The most impactful way to connect and generate relational energy is face-to-face. But when that’s not possible, blended workforces should embrace video conferencing. Just make sure you use it in ways that capture and enhance the collective energy rather than drain it! It’s not quite the same as being in the room together but it can still be energy-boosting rather than energy-draining.

Create a positive performance culture

Regular check-ins with your staff are a quick win. Whether 30-minutes every day, 45-minutes a week or an hour or so every month, it’s important to schedule them into your diary. Make a regular commitment whether you see people face-to-face regularly or not.

Try these three steps from Savvy Performance Management:

Establish clear expectations:  A clear understanding of what everyone is expected to accomplish is critical to motivation and satisfactory performance.  Put yourself in each persons’ shoes and ask:

  • What am I supposed to do?
  • How am I supposed to do it?
  • How will I know when it’s done correctly?
  • How do I get the resources I need?
  • How do I prioritize my activities?
  • How will I get feedback?

Establish a routine:  Set up weekly or monthly team meetings to keep abreast of progress.

Face-to-face meetings with the whole team once or twice a year are also beneficial. They facilitate teambuilding and trust in a way not quite achievable when workers are disbursed. Wherever possible invest the time and resources to make this happen; the improved productivity will easily repay your investment. If logistically that doesn’t work, do it via videoconferencing instead. It’s not quite the same but it’s an adequate substitute when circumstances dictate.

Evaluate progress against goals and expectations:  All staff need a one-to-one with their manager at least every 6 weeks to review progress and receive feedback and support. Do these on days when you’re both in the office if you can although video or phone calls can also work. This doesn’t need to be onerous. Make it part of your regular performance management process and never postpone or cancel unless absolutely unavoidable.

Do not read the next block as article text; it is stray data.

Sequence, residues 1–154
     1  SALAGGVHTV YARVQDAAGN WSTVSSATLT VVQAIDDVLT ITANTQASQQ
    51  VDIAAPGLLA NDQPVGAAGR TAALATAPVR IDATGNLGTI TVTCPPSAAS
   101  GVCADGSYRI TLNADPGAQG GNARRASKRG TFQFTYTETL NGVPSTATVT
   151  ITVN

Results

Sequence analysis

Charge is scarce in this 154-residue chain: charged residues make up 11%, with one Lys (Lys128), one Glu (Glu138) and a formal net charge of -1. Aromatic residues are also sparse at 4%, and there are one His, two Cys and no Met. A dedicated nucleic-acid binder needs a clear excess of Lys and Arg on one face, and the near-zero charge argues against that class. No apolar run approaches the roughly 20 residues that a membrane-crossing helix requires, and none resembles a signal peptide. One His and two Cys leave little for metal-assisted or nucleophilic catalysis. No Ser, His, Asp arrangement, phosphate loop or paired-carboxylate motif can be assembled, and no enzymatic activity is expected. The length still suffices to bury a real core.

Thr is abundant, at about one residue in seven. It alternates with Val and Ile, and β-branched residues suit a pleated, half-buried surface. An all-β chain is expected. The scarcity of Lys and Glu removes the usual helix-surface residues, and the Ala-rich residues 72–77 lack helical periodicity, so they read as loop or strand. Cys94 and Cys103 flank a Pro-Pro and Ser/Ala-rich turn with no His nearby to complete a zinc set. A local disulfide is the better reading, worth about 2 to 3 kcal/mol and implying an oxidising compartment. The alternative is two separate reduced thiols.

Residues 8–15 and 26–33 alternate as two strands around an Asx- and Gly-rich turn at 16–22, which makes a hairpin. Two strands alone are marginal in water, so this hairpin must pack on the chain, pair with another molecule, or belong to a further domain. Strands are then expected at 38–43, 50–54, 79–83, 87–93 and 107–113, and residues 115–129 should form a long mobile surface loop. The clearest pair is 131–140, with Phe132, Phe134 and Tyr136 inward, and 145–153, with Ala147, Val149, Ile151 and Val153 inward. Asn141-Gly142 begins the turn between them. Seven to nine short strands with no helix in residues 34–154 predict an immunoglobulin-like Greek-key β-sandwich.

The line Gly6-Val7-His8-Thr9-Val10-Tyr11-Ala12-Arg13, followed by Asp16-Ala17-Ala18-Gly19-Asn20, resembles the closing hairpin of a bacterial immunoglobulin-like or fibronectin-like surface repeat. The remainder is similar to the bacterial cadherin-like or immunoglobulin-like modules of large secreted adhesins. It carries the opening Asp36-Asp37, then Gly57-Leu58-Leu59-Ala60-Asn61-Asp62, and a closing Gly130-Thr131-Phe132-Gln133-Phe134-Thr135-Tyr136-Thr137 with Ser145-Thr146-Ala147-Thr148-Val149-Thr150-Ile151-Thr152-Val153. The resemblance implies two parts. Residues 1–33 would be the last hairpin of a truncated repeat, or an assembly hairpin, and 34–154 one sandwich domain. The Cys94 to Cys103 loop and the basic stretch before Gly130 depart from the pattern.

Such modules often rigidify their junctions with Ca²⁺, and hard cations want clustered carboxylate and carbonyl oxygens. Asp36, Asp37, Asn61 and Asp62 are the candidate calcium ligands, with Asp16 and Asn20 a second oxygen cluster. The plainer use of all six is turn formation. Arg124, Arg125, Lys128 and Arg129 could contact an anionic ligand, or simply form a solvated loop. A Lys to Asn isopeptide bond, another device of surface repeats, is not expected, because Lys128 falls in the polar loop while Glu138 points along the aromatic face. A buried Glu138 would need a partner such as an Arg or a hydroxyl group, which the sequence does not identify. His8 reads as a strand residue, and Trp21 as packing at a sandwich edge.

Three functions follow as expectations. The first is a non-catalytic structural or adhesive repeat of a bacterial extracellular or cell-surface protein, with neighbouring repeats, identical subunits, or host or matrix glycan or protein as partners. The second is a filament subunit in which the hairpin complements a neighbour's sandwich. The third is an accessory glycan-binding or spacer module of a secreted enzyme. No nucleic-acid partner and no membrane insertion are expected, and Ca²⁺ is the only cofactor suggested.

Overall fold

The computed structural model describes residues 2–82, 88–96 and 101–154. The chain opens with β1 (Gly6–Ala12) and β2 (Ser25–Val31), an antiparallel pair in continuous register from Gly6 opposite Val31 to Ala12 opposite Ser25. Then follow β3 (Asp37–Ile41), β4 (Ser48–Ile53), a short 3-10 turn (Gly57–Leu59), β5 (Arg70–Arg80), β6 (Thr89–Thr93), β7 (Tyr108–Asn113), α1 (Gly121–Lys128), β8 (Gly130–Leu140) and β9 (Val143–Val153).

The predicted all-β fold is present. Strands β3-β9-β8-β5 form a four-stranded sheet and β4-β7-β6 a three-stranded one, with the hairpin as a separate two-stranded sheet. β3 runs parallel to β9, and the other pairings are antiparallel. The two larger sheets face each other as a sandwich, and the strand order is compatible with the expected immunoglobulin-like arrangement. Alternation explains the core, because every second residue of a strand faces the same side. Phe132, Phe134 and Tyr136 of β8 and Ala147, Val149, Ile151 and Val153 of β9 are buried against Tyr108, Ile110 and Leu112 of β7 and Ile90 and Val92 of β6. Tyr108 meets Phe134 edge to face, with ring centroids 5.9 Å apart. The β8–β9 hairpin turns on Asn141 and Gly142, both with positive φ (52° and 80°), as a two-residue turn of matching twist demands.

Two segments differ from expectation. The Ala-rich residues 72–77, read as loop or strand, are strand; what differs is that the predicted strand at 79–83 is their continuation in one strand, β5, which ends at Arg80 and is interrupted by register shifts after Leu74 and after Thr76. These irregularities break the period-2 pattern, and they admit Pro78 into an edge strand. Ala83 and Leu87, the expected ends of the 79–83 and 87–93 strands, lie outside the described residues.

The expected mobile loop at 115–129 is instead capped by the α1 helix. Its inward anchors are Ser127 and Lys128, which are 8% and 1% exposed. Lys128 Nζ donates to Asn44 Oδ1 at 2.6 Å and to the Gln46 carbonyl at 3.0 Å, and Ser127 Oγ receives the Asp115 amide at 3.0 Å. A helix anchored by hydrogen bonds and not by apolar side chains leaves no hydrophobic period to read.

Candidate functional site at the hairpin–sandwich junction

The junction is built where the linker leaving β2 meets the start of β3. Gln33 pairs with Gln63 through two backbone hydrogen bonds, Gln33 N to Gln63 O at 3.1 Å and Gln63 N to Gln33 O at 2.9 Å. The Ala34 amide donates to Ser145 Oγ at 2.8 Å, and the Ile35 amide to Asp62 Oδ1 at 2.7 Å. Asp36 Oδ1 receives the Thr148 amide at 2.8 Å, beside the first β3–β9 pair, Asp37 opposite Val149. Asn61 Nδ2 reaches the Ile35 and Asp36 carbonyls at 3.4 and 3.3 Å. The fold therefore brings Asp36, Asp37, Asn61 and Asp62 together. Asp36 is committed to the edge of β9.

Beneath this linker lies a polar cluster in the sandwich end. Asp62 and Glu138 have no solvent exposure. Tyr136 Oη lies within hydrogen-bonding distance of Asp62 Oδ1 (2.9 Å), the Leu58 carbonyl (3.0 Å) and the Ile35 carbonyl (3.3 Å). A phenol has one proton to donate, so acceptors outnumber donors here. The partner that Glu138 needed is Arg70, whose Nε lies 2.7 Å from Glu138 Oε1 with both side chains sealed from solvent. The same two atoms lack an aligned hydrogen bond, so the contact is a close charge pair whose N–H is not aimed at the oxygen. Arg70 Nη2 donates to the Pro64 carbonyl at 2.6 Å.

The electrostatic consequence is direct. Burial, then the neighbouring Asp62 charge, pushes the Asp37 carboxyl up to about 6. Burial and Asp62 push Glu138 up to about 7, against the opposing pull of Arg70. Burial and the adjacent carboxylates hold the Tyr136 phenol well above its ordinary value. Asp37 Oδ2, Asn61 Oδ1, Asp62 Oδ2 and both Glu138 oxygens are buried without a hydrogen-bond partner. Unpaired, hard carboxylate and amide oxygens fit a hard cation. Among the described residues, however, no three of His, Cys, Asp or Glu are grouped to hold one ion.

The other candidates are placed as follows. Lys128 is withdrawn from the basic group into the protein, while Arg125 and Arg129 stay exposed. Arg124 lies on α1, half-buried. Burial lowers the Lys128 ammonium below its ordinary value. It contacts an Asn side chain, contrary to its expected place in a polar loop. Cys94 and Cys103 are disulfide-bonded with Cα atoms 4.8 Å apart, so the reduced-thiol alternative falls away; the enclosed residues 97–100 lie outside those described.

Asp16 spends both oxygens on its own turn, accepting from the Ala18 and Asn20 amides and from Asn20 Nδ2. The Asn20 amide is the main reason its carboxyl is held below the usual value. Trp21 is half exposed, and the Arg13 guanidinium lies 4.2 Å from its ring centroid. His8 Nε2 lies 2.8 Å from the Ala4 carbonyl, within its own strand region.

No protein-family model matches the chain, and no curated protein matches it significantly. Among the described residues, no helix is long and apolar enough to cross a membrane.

By establishing clear expectations, creating a performance management routine and regularly evaluating progress against goals, you can be confident that performance is being managed effectively, issues are picked up early and all staff are supported to do a great job.

Blended workforces are the future

Although it may well be more challenging to manage, allowing your workforce to work varying hours, times, or locations brings mutual benefit.

According to the CIPD (Chartered Institute of Personnel and Development), such flexibility helps more people access the labour market, stay in work, manage caring responsibilities and achieve a better work-life balance. It can also support enhanced employee engagement and wellbeing. Other important benefits include increased loyalty and commitment, higher job satisfaction, increased engagement, reduced absenteeism, better mental health, and improvements in performance, motivation and productivity.

The future of the workforce is blended. And it is already here. Are you ready?


About Sarah Harvey

Sarah Harvey is an experienced leadership, culture and conflict coach and the author of three books. She has worked with thousands of managers across the private, public and charity sectors and is a skilled facilitator, manager mentor, and workplace mediator.